History of Negro leagues presentation at the Nashua Public Library Sunday
NASHUA – Early in a military career that would span 26 years, Joe Caliro had just been transferred from New York to Biloxi, Miss., when a routine stop at a department store turned in to something of a societal wake-up call for him and his wife.
“My wife went to get a drink of water, and a guy next to me nudged me,” Caliro recalled. “He said, ‘Better remind your wife she’s in the South now.’ ”
Puzzled, Caliro looked around and suddenly got it: His wife had just used the water bubbler distinctly marked “colored only.”
It was the first of a series of experiences that led Caliro, now a Portsmouth resident, to eventually begin collecting memorabilia, artifacts, souvenirs and historic accounts of baseball’s Negro Leagues. Today, he estimates that 450 items, counting the multiple individual baseball cards, make up his collection, most of which he recently began displaying at libraries and other organizations in the state.
On Sunday, Caliro and his collection are coming to the Nashua Public Library for a two-hour exhibit, during which he’ll present “The History of the Negro Baseball Leagues,” a compilation of anecdotes, historical accounts and other interesting tidbits chronicling life and baseball in the South’s sharply segregated Jim Crow era.
The exhibit will be open from 2-4 p.m. in the lower-level Image Gallery. Caliro will speak at 3 p.m. in the adjacent theater.
Registration isn’t necessary, but those wanting to see Caliro’s presentation should arrive early, organizers said.
Not long after the couple’s impromptu Southern introduction, and in part because of it, Caliro’s superiors assigned him to develop a lesson plan that would be used to teach newly arriving soldiers and their families about segregation, so-called Jim Crow laws, unwritten rules and other characteristics to help them assimilate while stationed in the South.
“A lot of people didn’t know that if you shared a taxi with a person of color, you’d get arrested,” Caliro said.
And while many new arrivals were generally aware of the “blacks in back, whites up front” policy on public buses, other little nuances weren’t widely known.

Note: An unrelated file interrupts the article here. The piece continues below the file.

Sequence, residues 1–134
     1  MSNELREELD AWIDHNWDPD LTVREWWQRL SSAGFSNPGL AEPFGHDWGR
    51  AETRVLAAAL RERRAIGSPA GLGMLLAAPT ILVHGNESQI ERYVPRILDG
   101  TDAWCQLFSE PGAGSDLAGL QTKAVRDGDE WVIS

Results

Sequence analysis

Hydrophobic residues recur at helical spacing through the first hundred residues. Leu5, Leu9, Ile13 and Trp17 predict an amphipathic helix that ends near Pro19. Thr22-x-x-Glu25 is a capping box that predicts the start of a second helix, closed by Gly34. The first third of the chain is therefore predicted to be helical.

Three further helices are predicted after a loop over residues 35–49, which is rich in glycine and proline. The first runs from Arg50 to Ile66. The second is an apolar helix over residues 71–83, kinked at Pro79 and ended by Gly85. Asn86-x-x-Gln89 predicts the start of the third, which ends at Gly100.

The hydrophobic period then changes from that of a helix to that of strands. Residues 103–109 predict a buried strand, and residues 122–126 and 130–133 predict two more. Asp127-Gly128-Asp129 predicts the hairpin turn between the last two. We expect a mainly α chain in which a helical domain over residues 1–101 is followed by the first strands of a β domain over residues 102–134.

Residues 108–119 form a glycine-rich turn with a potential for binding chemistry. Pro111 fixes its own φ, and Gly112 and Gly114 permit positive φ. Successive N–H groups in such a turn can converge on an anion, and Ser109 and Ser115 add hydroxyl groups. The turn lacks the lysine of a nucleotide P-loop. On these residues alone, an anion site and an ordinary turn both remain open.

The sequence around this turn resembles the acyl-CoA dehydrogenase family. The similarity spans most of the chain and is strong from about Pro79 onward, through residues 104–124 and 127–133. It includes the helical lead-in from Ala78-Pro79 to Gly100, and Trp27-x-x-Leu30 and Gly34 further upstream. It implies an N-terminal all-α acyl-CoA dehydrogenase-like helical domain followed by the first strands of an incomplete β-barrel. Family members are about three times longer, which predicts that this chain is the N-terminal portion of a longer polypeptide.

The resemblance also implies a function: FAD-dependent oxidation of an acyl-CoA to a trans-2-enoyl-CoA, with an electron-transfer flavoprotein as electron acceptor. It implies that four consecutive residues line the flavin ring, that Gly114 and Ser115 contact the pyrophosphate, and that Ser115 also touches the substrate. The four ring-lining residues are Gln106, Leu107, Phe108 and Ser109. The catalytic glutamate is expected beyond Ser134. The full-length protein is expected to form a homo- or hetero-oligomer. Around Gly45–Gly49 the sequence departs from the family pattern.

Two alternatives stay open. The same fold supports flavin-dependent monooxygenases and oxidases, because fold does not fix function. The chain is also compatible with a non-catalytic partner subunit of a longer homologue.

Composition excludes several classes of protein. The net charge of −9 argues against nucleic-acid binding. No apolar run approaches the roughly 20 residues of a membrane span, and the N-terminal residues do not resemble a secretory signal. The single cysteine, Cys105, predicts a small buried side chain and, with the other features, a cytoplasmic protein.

“All the white people got on first,” Caliro said. “You could let a white woman go first, but if she’s black, you had to go first.”
The lesson plan completed, Caliro turned it into high praise, he said.
“My officers said it was great, they really liked it,” he said. “But a week later, they called me in.”
Worried about potential local pushback, the brass changed their minds.
“They said they felt it might stir up the pot too much,” Caliro said. They told him thanks, but no thanks.
Determined that his extensive, and often exhaustive, research wouldn’t be for naught, Caliro had an idea.
“After doing all the work, I figured a good way to use (the information) would be to follow Jackie Robinson and his wife,” he said, documenting how the man who broke Major League Baseball’s color barrier and his wife were treated at various ballparks, hotels and other public events or places.
Caliro’s hobby took him to a number of minor and major league cities, but it was another league that interested him most, even though it was in its final seasons.
“I just started collecting Negro League things, just out of interest and curiosity,” he said.
Of the several Negro leagues that played each summer for more than 50 years, the American Negro League was the last one standing at the time. Its final season was 1960, although its handful of teams had been touring mostly for entertainment, rather than competition, for nearly a decade.
Among one of Caliro’s most interesting anecdotes has to do with the Red Sox’ reputation for turning away even the most talented ballplayers who happened to be black.
“For years, they pretty much decided they wouldn’t sign a black player. A lot of people know that Jackie Robinson had tried out with the Red Sox – but they also turned down a couple of other black players with the names Aaron and Mays,” Caliro said, referring to future Hall of Famers Hank Aaron and Willie Mays.
“People talked so long about the Curse of the Bambino. There was no Curse of the Bambino,” he said with a laugh. “It was the curse of racism.”
Dean Shalhoup can be reached at 594-6443 or firstname.lastname@example.org.